By Lloyd AlterUpdated July 16, 2020
Ford has just proudly introduced a new, updated version of the Bronco, the company’s Jeep-like off-road capable SUV that was killed in the late 90s. It might seem like an odd time, in the middle of a climate crisis; as Aaron Gordon notes in Vice, “every driver who ‘upgrades’ from a sedan to an SUV is a net-negative for the environment, undoing all of the gains in fuel efficiency since they last bought a vehicle. And over the last several decades, that transition has been the single largest and most significant trend in American transportation.”
Coincidentally, its release comes at a time when the Insurance Institute for Highway Safety (IIHS) has released a brief report, Pedestrian injuries from cars and SUVs: updated crash outcomes from the Vulnerable Road User Injury Prevention Alliance (VIPA), that looks again at the question of the safety of these vehicles. We have noted before that the high flat front of SUVs and pickups is deadly, killing pedestrians at significantly higher rates than a car, as has the IIHS:
Past research has found that SUVs, pickup trucks, and passenger vans pose an outsize risk to pedestrians. Compared with cars, these vehicles (collectively known as LTVs) are 2-3 times more likely to kill the pedestrian in a crash. The elevated injury risk associated with LTVs seems to stem from their higher leading edge, which tends to impart greater injury to the middle and upper body (including the thorax and abdomen) than cars, which instead tend to cause injury to the lower extremities.
This is because there are no standards or regulations for pedestrian safety in the USA, which is the way the manufacturers like it because it would mess up the manly grills, and make every pickup truck look like the wimpy European-designed Ford Transit.
In the EU, cars have to be designed to absorb the force of the pedestrian hitting it, usually by having a space between the hood (bonnet over there) and the engine. Where they don’t have enough room, they actually have an “active bonnet” with explosives that push the hood up to absorb the shock. The Tesla Model S, when sold in Europe, has an active hood that raises three inches; of course, it isn’t sold in North America because pedestrian safety is not a priority.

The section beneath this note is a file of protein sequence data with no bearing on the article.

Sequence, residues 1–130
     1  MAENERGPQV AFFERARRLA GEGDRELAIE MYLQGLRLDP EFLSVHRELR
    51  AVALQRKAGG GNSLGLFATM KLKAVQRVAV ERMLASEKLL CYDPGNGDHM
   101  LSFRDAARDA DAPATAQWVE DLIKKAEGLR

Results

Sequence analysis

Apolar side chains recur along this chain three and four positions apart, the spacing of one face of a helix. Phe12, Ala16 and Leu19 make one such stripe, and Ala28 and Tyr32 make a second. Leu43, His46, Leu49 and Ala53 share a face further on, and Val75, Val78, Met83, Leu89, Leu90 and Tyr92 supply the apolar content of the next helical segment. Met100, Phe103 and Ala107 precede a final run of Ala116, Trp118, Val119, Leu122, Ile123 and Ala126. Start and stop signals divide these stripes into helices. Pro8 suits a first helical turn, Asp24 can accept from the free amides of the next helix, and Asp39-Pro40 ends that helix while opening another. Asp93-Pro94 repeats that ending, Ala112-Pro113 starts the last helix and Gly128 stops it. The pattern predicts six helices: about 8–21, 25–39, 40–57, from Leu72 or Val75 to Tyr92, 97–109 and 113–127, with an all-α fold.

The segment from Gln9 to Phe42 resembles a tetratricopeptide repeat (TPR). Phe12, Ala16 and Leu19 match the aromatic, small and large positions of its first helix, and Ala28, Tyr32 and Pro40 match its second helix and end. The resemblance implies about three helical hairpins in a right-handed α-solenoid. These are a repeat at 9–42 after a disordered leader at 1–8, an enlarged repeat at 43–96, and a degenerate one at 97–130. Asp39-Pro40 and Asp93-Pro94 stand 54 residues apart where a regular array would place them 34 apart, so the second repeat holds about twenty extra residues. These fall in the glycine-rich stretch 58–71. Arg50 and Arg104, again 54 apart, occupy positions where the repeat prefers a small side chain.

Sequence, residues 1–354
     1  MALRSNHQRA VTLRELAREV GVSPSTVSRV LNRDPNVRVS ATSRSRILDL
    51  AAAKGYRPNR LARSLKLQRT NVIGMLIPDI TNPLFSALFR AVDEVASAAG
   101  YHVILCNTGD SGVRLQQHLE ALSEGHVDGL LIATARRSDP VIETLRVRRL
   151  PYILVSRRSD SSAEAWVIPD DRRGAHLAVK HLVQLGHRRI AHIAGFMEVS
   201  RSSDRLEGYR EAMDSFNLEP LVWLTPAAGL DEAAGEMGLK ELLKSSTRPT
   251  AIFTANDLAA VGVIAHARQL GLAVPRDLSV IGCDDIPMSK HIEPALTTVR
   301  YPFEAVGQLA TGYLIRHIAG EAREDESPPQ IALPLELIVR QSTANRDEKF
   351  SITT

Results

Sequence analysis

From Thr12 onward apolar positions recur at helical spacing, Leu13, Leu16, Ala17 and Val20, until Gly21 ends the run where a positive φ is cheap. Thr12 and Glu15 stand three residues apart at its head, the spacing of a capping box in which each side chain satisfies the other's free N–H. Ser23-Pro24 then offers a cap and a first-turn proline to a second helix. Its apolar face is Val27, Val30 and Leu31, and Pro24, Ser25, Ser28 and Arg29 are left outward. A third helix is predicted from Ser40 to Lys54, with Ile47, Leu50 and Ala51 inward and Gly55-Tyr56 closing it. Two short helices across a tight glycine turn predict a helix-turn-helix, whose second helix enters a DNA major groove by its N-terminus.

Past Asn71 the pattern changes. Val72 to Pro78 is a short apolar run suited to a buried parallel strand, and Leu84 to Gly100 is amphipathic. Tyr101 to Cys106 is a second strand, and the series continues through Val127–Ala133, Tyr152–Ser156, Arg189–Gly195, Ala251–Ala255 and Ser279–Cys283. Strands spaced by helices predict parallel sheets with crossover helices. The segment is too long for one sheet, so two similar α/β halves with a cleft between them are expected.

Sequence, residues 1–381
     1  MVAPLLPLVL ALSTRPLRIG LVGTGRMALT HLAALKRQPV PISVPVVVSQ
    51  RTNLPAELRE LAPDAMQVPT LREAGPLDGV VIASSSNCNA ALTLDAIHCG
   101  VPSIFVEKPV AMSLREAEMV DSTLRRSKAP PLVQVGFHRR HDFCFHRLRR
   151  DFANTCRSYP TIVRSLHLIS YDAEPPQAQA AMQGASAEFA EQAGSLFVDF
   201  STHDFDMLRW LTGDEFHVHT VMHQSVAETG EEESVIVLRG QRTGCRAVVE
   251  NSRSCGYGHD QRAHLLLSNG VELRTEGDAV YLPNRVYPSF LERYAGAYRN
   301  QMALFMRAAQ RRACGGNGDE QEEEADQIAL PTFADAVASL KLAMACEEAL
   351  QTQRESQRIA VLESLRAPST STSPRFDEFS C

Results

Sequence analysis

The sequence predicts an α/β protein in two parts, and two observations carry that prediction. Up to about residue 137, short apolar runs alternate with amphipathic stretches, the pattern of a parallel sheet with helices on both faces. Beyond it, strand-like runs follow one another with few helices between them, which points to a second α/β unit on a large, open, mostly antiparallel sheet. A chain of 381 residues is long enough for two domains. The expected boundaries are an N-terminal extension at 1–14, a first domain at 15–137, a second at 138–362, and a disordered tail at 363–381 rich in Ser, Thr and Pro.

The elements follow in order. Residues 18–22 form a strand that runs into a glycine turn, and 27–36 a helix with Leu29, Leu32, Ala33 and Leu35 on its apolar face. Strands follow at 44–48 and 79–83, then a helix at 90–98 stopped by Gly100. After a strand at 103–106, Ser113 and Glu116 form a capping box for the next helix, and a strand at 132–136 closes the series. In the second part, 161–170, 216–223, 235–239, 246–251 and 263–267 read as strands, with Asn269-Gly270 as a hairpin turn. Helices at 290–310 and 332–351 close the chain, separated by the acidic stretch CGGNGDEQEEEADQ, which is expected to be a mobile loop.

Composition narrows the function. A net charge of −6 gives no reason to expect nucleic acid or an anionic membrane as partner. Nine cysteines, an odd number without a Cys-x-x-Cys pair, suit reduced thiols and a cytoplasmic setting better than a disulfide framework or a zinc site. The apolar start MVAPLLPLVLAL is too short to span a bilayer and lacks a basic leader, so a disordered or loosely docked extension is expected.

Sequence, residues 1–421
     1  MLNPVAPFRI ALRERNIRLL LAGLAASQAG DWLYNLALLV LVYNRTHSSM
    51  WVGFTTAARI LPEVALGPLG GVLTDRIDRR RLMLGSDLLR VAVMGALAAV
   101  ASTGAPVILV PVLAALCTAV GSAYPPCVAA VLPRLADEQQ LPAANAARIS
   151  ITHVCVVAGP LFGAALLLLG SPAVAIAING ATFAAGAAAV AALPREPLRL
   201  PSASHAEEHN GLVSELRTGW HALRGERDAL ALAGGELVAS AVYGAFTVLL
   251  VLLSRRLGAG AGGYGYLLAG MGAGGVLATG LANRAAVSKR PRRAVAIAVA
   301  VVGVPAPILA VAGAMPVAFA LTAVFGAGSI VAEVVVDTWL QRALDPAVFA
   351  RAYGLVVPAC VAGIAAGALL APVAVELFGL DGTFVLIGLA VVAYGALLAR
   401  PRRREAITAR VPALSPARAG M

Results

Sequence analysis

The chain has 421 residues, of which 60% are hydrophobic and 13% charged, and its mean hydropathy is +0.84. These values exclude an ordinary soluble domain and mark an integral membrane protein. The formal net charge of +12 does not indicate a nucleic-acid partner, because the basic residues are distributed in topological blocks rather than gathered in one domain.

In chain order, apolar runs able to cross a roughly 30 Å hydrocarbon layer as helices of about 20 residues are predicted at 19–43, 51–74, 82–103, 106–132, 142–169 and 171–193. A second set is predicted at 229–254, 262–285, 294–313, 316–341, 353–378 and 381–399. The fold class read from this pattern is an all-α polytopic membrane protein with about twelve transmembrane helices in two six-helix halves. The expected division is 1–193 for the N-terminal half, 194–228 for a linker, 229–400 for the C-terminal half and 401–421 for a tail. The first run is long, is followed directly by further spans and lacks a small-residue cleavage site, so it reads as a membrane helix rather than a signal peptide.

The IIHS update shows how bad SUVs are for people who walk. Interestingly, they find that the danger varies with speed:
SUVs remain disproportionately likely to injure and kill pedestrians compared with cars, but these differences emerged primarily at crashes of intermediate speed. Crashes at low speeds and high speeds tend to produce similar injury outcomes independent of striking vehicle type (mild and fatal, respectively) The data suggest that the elevated danger to pedestrians from SUVs in these crashes may be largely related to injuries caused by impacts with the vehicles’ leading edge: the bumper, grille, and headlights.
Below 19 miles per hour, the IIHS says SUVs do not seem to cause more injury than cars. This is surprising since cars are generally designed to European NCAP standards (American companies like to sell them there) where the victim is thrown on to the hood instead of flattened on the grille. “Low-speed crashes tend to be benign enough that pedestrians emerge with only minor injuries regardless of vehicle type.” The data in figure 2 don’t make low-speed crashes look so negligible or benign to me, with 8% of those hit by SUVs dying, not to mention all those upper body injuries versus broken legs (they don’t provide those statistics); perhaps they consider 8% statistically insignificant.